Two musical revivals are generating lots of buzz. New York City Center's Encores! presents Damn Yankees (July 5-27), with a star-studded cast that includes Sean Hayes, Jane Krakowski, Cheyenne Jackson, Megan Lawrence, Randy Graff, Veanne Cox, and Michael Mulheren. Out in Central Park, Diane Paulus directs the Public Theater's free production of the legendary rock tuner Hair (July 22-August 31) with Jonathan Groff, Will Swenson, and Caryn Lyn-Manuel leading the cast. (And yes, nudity is expected!)
The annual Lincoln Center Festival features a number of notable entries, including Alan Cumming starring in The Bacchae (Rose Theatre, July 2-13); German expressionist composer Bernd Alois Zimmermann's music drama, Die Soldaten (Park Avenue Armory, July 5-12); Liam Neeson, Barry McGovern, and Ralph Fiennes in Gate/Beckett (July 16-25), a trio of one-man dramas by Samuel Beckett and presented by Dublin's renowned Gate Theatre; and Laurie Anderson's Homeland (July 22-26), described as a "concert poem" driven by the political urgency of contemporary American culture.
Emmy Award nominee Jamie Farr and Tony Award nominee Anita Gillette star in Luigi Creatore's comedy, Flamingo Court (New World Stages, beginning July 17), about residents of a South Florida apartment complex. A.R. Gurney's Buffalo Gal makes its New York premiere, courtesy of Primary Stages, (July 22-August 30), starring Mark Blum, Susan Sullivan, and James Waterston. SecondStage Theatre presents Rajiv Joseph's Animals Out of Paper (McGinn Cazale, July 15-August 23), about a world renowned origami artist. The cast features Utkarsh Ambudkar, Kellie Overbey, and Jeremy Shamos.
The Potomac Theatre Company comes to New York, hosted by Atlantic Theater's Stage Two. Crave/Somewhere in the Pacific (July 1-26) pairs up late British playwright Sarah Kane's exploration of her seared and segmented inner self, with Neal Bell's maritime drama set at the end of World War II. Howard Barker's Scenes From an Execution (July 3-26) centers on a 15th century Venetian painter, played by Jan Maxwell, whose state-commissioned painting of a navel battle shows a different truth than the one expected.
Irish Repertory Theatre presents Mark Brown's adaptation of the Jules Verne classic, Around the World in 80 Days (July 11-September 7). Don Reed's solo show East 14th, takes up residence at New World Stages, through September 27. The Fringe hit Perfect Harmony makes music at Theatre Row's Clurman, July 6-24. At the Kirk, Tony Glazer's dark comedy Stain makes its world premiere, starring 2008 Drama Desk Award nominee Tobias Segal.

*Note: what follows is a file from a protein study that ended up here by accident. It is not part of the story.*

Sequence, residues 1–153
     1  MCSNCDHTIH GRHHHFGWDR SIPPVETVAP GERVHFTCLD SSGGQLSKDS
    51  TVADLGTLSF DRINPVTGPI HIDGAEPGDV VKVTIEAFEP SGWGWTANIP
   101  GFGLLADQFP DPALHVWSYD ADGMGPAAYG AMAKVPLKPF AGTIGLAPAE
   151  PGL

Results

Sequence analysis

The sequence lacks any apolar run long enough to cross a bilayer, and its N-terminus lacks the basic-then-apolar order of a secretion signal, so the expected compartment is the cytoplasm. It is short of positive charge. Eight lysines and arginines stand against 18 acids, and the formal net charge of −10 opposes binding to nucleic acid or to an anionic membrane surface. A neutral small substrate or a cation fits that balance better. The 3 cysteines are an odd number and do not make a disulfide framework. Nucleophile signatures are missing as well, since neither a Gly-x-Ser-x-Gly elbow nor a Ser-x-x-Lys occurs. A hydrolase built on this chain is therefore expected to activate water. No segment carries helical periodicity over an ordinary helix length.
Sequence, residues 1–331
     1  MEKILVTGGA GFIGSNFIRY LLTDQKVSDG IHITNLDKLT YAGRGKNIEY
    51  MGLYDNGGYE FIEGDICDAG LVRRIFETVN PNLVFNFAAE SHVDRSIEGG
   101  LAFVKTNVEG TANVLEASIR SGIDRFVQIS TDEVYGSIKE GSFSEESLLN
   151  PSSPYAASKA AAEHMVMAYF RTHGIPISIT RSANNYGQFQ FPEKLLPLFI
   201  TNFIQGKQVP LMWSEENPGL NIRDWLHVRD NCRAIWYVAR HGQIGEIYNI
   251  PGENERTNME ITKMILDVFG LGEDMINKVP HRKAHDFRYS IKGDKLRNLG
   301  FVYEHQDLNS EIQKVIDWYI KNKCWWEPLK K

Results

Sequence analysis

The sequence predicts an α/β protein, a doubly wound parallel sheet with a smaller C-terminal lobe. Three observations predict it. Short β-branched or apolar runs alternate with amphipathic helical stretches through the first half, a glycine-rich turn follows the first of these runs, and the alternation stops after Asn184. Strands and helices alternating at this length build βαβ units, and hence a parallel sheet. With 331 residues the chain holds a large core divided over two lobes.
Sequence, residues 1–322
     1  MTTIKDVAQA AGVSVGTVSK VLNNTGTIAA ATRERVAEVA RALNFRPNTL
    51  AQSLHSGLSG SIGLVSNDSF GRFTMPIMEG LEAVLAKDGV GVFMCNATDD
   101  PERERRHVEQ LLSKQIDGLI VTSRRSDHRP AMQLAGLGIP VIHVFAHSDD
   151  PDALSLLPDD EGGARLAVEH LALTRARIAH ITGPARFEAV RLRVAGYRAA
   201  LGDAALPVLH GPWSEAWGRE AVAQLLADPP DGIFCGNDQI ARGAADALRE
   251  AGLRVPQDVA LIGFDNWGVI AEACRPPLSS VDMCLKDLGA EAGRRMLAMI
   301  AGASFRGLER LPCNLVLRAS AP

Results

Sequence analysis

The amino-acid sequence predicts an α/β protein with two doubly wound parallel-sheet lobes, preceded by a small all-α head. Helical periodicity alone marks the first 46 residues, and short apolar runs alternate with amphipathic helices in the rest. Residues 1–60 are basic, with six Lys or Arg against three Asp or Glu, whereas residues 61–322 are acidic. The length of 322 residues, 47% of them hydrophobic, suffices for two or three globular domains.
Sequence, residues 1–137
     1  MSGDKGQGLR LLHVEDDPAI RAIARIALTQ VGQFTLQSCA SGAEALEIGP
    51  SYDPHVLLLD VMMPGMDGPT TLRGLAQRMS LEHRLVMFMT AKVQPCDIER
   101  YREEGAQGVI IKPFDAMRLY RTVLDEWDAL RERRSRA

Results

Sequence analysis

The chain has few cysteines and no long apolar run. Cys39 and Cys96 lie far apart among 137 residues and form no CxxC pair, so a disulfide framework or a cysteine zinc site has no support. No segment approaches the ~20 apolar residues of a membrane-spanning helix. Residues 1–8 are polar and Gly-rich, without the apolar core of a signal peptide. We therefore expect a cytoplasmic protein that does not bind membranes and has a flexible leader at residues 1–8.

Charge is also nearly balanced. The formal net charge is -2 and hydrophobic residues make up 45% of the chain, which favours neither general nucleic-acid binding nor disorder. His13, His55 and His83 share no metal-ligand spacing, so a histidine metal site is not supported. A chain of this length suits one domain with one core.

In addition, The Midtown International Theatre Festival returns for its ninth year, with entries including Eighty-1 (June Havoc Theatre, July 14-August 3), described as "Indiana Jones meets When Harry Met Sally"; the name-dropping comedy, Kidnapping Laura Linney (Dorothy Streslin Theatre, July 16-August 2); and the coming-of-age solo drama Flagboy (Where Eagles Dare Theatre, July 14-August 1).
Heading downtown, at the Culture Project, playwright/performer Lenelle Moïse is joined by actress Karla Mosley for an exploration of black womanhood, friendship, sexuality, and freedom in Expatriate, July 7-August 14. Chicago's Theater Oobleck settles into the Barrow Street Theatre with The Strangerer (beginning July 9), a political satire that takes inspiration from the first Bush-Kerry presidential debate via Albert Camus. Writer/performer Taylor Mac returns to HERE Arts Center with two works in rotating repertory, The Be(A)st of Taylor Mac (July 8-August 2) and a reprise of The Young Ladies Of (July 9-August 2). James Braly also brings back his solo piece, Life in a Marital Institution, at the SoHo Playhouse through August 31.
The Classical Theatre of Harlem will present Melvin Van Peebles' musical Ain't Supposed to Die a Natural Death in various city parks, July 25-August 16. Meanwhile, Hudson Warehouse stages Much Ado About Nothing in Riverside Park, July 10-August 3. For variations on the Bard's works, there's NYU/The Continuum Company's Tempest Tossed (Classic Stage Company, July 10-20), which reimagines Shakespeare's late great play for a versatile three person cast. Meanwhile, the Watershed Collective presents the premiere of Caridad Svich's Twelve Ophelias as a free event at McCarren Park Pool, July 11-August 22.
Kiki & Herb's Kenny Mellman strikes out on his own with Say Seaboy, You Sissy Boy? (Dixon Place, July 24-August 9), a chamber musical inspired by the murder of Navy officer Allen Schindler, Jr. Also off the beaten path is Neal Medlyn's Unpronounceable Symbol (PS 122, July 9-20), the artist's latest pop song tragic-comedic extravaganza, Hana Ichimomme (Bank Street Theatre, July 2-13), based on the famous Japanese children's song of the same name, and the New York premiere of Keith Reddin's All the Rage at Manhattan TheatreSource, July 30-August 23.
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